However, where we have a very large number of extremely different cases of effect and there seems to be only one factor in all of them, we can use a 8.12 method actually closer. The various proceedings cover at least a wide range of all possible combinations of potentially relevant factors and their negations. Therefore, it is likely that no condition that is not covered by the formula (A or…) is necessary, and therefore, if there is a necessary and sufficient condition, (A or … ) is so, and therefore A itself is a sufficient condition of the phenomenon. The common method as an indirect method of difference no longer works as soon as we allow both conjunctions and disjunctions; but a dual method of agreement comes into force with this eighth type of acceptance. In 8.12, as in 6.12, if there are possible causes except A, the set of 2n positive instances with A that are present in each, but with the other possible causes present and absent in all possible combinations, show that (A or…) is necessary and sufficient, and therefore that A is sufficient. Similarly, in 8.14, as in 5.14, the corresponding set of 2n negative instances shows that (A…) is necessary and sufficient and therefore A is necessary. If we add these two remarks together, we could conclude that the A is both necessary and sufficient. Unlike the four previous inductive methods, the method of accompanying variation does not involve the elimination of any circumstances. The change in size of one factor causes another factor to change in size. We should expect that we can accompany the analog of variations in both the agreement method and the difference method, i.e. ways of arguing about a cause-and-effect relationship between P and, say, A, observation of cases where P remains constant, while A remains constant, but all other potentially relevant factors vary , and observation of cases in which P varies, while A varies, but all other potentially relevant factors remain constant.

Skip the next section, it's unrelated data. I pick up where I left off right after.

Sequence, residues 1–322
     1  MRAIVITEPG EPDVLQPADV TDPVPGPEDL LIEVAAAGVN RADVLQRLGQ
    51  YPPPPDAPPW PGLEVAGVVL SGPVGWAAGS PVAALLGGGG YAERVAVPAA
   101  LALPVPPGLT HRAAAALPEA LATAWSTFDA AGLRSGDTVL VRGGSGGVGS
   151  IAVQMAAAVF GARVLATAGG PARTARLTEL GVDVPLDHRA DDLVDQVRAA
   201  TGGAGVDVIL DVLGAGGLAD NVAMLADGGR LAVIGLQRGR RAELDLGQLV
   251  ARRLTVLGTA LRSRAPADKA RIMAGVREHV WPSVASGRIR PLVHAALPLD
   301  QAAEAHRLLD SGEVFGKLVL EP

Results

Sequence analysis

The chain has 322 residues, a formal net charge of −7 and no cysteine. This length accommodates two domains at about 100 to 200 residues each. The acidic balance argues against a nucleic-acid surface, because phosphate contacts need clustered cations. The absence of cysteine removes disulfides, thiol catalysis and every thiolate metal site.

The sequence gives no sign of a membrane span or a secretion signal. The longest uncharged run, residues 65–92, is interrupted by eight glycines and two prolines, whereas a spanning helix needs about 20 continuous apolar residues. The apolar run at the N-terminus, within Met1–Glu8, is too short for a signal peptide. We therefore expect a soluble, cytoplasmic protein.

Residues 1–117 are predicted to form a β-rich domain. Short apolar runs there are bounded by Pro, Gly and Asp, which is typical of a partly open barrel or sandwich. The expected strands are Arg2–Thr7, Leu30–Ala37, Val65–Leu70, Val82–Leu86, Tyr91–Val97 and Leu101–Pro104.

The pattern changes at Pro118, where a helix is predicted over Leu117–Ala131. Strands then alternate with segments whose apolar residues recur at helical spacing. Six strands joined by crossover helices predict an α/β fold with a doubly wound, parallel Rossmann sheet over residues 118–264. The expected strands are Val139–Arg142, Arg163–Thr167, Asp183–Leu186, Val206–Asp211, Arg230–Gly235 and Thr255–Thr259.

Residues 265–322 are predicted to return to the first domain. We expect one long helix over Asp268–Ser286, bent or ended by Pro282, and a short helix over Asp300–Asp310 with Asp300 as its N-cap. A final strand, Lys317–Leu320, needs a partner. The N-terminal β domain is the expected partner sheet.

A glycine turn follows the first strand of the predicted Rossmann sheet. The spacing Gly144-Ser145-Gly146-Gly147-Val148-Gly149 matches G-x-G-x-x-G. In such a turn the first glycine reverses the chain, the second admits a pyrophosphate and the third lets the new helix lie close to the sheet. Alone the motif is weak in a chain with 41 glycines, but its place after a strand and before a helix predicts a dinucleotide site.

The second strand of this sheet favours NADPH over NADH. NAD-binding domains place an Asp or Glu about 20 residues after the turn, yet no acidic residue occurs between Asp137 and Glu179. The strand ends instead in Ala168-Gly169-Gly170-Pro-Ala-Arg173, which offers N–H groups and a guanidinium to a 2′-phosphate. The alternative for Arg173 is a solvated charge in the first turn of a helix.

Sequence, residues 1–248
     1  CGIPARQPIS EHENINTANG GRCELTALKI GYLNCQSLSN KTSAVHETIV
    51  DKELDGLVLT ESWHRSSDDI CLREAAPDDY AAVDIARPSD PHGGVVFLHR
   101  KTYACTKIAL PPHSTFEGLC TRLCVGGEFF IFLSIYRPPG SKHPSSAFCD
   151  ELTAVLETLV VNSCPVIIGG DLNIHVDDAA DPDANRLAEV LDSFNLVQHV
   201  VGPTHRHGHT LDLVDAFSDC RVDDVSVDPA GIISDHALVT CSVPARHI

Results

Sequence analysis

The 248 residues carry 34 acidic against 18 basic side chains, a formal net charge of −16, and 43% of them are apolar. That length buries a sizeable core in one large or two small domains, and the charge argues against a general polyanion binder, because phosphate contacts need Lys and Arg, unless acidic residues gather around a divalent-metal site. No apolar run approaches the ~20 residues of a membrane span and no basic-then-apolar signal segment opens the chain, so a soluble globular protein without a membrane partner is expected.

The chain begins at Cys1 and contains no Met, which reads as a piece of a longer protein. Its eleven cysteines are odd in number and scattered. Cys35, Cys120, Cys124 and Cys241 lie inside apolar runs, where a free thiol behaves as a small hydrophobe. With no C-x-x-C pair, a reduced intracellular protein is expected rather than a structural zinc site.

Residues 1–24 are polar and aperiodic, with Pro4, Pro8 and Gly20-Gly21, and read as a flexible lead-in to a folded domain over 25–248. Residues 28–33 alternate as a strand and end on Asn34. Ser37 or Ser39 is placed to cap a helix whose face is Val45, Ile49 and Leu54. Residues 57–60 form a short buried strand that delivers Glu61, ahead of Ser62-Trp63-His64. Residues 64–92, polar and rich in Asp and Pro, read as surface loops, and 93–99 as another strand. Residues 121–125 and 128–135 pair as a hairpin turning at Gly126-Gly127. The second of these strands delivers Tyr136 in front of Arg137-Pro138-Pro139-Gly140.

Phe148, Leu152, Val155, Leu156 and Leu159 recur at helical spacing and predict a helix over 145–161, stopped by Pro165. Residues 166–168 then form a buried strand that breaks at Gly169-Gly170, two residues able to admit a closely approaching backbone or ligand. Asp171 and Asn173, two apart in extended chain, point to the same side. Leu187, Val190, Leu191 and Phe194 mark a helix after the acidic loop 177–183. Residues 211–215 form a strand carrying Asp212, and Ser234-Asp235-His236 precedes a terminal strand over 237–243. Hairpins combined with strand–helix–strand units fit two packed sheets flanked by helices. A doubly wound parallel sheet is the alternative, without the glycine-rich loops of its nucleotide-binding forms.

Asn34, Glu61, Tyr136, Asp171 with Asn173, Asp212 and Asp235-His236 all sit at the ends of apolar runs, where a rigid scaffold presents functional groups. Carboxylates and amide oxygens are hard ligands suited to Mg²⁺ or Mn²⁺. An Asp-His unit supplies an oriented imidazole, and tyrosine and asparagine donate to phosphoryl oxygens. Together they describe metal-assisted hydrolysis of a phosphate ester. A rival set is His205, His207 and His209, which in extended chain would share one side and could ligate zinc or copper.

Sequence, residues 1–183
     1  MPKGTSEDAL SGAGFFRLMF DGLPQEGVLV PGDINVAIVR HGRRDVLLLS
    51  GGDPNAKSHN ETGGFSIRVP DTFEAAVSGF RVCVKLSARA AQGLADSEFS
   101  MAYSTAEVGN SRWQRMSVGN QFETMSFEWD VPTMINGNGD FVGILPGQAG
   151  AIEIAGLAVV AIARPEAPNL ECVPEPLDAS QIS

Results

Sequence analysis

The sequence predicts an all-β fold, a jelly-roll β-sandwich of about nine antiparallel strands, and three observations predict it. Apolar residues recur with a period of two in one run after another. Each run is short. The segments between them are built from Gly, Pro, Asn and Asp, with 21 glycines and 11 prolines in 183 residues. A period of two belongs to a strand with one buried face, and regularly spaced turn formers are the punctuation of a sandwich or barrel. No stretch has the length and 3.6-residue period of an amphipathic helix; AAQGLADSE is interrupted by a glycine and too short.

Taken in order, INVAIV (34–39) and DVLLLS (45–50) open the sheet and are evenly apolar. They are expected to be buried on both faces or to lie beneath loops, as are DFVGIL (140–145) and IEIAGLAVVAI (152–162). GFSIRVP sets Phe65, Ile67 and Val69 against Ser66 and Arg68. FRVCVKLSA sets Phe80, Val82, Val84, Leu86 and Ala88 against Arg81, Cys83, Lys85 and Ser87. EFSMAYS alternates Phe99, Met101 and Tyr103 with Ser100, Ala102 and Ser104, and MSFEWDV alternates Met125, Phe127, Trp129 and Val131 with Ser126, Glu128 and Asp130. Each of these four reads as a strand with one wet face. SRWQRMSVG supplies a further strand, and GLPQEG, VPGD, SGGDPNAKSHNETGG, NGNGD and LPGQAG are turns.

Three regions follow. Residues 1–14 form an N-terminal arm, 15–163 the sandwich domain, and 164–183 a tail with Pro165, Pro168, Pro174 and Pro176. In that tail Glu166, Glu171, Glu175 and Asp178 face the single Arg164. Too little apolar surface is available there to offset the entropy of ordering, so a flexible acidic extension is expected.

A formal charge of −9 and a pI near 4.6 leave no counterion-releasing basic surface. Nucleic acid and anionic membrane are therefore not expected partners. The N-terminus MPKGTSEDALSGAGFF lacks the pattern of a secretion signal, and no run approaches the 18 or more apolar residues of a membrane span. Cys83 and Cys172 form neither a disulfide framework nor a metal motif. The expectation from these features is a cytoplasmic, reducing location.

And in fact, there are methods of both types, but those of the second species, the analogs of the method of difference, are more important. Philosopher John Stuart Mill has developed a series of five methods (or canons) that analyze and interpret our observations in order to draw conclusions about the cause-and-effect relationships they have. is involved in smaller projects, such as . B.dem construction of car parks. It appears that the size of the project strongly influences the choice of deployment method. However, current literature and case studies in this study document successful projects of different sizes with methods for implementing DBB, CMR or DB projects. One possible exception appears to be the DBOM, which has been considered primarily for larger transit projects. Given that each of the three main delivery methods (DBB, CMR and DB) can be applied to projects of all sizes, it seems clear that the size of the project needs to be taken into account, in combination with other issues such as timing, agency staff and risk management, in order to determine an appropriate preparation method for the project. Problem 2: Costs This problem covers several aspects of project cost, such as possibility. B to address budgetary constraints, an early and accurate estimate of costs and consistent control of project costs. Project presentation methods are evaluated below in terms of cost control and cost estimates.
DBB This delivery method can offer a cost advantage because it includes competition in the market, which increases the likelihood that it will obtain low bids as part of a project offer. In addition, a complete project prior to project allocation increases safety with respect to cost estimates, as the owner has the engineer`s estimate and several estimates provided by the bidders.